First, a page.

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Polling app Straw goes global with 2.0 release (and we chat about it with @BenThePCGuy)

Where shall we go for drinks on Friday?
Who's going to win the game this weekend?
What should I wear on my first date?

We often turn to those around us for help with answering questions - sometimes out of necessity, sometimes out of curiosity. Trying to decide on a venue for a night out with friends often involves lots of texts and calls; settling a sports debate can easily turn into heated exchanges on Twitter; and when considering fashion dilemmas, many of us turn to Facebook to ask friends and family for their input.

But what if there was a simple way to ask questions like these, and get responses to them without all of the lengthy discussions that can sometimes get in the way of a straight answer?

Well, there is - it's called Straw, and today, version 2.0 of the app was released.

Straw aims to offer a simple way to collect answers and opinions, using polls that are painlessly easy to set up. You can share these polls via social media, and since the app is available across all three leading mobile platforms - Android, iOS and Windows Phone - most of your friends and followers can also get in on the action. And with the 2.0 release, Straw says it's making things even better, with a range of improvements and new features:

  • An all-new sign-in/sign-up process. You can still log in to Straw with your favorite social networks like Facebook, Twitter, LinkedIn and Microsoft Account, but now, if you’d prefer, you can create a personalized, password protected Straw account.
  • A more beautiful, easier to use interface. We heard loud and clear that you love Straw because it’s simple and easy to use…so we made it even easier and simpler. The new interface is based entirely on modern design principles and will look great on your iOS, Android or Windows Phone device.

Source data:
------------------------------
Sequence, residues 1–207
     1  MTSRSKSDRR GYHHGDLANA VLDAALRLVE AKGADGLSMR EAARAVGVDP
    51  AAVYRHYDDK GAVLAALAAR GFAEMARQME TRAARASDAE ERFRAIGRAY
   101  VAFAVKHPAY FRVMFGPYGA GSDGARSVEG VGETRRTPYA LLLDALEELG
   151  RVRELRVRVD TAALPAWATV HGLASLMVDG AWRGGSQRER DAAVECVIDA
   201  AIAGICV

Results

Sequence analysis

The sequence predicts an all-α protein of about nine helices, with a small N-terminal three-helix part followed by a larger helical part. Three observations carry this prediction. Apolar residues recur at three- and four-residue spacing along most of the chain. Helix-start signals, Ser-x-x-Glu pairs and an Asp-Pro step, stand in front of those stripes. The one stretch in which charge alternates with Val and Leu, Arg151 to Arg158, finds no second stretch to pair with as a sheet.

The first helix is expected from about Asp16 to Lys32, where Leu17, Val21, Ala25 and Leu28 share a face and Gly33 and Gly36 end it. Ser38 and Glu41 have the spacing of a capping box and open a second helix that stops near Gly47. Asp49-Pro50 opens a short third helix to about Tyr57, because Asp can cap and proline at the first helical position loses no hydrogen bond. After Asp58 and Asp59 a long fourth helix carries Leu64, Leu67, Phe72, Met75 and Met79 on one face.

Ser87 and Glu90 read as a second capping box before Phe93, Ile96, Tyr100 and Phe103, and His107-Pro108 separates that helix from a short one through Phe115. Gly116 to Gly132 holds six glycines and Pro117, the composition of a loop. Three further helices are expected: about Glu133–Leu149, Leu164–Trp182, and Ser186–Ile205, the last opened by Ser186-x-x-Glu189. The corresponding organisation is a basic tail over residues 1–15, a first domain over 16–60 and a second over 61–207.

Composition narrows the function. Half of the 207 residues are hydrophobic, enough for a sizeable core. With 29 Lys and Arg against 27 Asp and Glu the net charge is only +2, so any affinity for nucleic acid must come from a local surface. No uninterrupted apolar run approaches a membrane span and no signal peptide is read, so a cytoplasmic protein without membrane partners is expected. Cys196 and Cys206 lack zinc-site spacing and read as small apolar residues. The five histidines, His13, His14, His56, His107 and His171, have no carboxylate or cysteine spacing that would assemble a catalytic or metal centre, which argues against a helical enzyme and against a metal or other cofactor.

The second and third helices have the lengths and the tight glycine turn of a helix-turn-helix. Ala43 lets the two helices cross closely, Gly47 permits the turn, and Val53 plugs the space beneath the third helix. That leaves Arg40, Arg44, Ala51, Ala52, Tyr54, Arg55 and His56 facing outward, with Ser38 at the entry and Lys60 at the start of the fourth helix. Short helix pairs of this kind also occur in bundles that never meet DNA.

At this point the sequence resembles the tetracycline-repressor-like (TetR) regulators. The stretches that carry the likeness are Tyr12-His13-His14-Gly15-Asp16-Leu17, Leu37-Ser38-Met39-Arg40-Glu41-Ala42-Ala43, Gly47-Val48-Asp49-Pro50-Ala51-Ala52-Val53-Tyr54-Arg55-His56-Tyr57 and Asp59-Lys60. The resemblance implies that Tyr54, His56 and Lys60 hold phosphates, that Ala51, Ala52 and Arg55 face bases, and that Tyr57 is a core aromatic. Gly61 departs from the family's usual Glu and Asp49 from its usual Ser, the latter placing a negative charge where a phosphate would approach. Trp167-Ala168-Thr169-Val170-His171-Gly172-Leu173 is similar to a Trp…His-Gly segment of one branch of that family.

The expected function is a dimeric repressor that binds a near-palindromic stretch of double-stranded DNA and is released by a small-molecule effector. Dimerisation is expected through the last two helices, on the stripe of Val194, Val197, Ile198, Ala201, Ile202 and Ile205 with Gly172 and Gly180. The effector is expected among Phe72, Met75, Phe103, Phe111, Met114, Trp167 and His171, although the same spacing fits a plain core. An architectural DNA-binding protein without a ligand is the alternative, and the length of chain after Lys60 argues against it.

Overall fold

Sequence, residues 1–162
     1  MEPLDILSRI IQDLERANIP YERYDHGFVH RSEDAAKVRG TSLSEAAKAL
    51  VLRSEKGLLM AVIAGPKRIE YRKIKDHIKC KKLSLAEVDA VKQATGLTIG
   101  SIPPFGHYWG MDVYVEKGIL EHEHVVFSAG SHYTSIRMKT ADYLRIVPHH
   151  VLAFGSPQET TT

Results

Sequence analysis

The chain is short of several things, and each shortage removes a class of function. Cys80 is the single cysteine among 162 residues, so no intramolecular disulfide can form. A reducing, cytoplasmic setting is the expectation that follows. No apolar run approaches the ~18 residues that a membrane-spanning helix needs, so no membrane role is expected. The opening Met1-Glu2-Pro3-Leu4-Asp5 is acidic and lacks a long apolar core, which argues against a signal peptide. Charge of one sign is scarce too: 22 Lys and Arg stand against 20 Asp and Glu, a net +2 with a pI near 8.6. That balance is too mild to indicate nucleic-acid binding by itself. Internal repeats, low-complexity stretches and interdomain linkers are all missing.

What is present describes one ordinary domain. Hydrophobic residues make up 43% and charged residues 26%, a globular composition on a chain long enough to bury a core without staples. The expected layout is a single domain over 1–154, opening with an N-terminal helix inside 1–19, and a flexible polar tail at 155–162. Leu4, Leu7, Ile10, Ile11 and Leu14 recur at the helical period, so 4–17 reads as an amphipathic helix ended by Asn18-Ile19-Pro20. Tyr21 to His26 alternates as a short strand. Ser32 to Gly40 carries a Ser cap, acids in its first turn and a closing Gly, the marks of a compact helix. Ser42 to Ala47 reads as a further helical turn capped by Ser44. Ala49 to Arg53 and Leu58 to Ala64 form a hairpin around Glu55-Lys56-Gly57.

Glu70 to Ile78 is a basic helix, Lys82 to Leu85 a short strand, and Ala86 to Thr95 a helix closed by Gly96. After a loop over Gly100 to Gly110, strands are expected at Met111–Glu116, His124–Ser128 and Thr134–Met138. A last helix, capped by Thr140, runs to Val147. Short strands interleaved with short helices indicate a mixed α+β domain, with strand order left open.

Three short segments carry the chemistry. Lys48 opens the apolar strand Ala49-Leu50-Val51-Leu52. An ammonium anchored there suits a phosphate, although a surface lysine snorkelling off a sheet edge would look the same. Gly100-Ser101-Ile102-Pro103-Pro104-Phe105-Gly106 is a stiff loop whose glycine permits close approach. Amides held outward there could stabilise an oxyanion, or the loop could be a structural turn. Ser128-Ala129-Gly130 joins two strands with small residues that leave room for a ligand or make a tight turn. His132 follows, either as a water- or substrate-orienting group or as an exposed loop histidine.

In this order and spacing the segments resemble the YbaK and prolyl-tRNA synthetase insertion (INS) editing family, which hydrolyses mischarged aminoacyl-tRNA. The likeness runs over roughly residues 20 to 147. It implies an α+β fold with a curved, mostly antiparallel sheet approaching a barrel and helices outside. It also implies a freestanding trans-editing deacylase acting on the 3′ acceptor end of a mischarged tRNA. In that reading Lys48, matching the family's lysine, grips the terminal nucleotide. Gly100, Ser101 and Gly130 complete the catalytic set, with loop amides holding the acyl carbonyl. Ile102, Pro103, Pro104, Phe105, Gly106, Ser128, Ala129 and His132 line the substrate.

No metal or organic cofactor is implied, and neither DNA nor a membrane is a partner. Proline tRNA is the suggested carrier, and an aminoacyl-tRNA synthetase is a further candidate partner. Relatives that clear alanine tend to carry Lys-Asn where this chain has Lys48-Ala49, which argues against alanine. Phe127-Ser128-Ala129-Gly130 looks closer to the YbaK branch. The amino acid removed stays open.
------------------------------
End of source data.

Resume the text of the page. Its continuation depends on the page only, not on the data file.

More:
• Private results. You now have the option to make your poll results private. Anyone can vote, but they won’t see results immediately afterwards as they do with a public poll. This is great if you’re asking a sensitive question.
  • Easier poll link copying. Just swipe left on any in progress or completed poll and you’ll see a “copy poll link” option.
  • Embed codes are here! When you post a new poll, you now have the option of generating custom embed code, in addition to sharing the poll via StrawCast, SMS, or your social networks. Drop the embed code into a blog post or website so your readers and viewers can vote, straight from the web.
  • Edit running polls in real-time. You asked, we listened! You can now change poll durations and make edits to content and copy in real time, without having to close and re-post your poll.

But the most exciting new feature in Straw 2.0 allows you to pose questions to every user of the app around the world.

Simply create a poll as normal, and then select the Strawcast option; in addition to being posted to any social media that you selected, or to your friends via SMS, the poll will be visible in the app to other users worldwide, so that they can cast their vote too. It will also be tweeted via @Strawcast, to give users' polls greater visibility.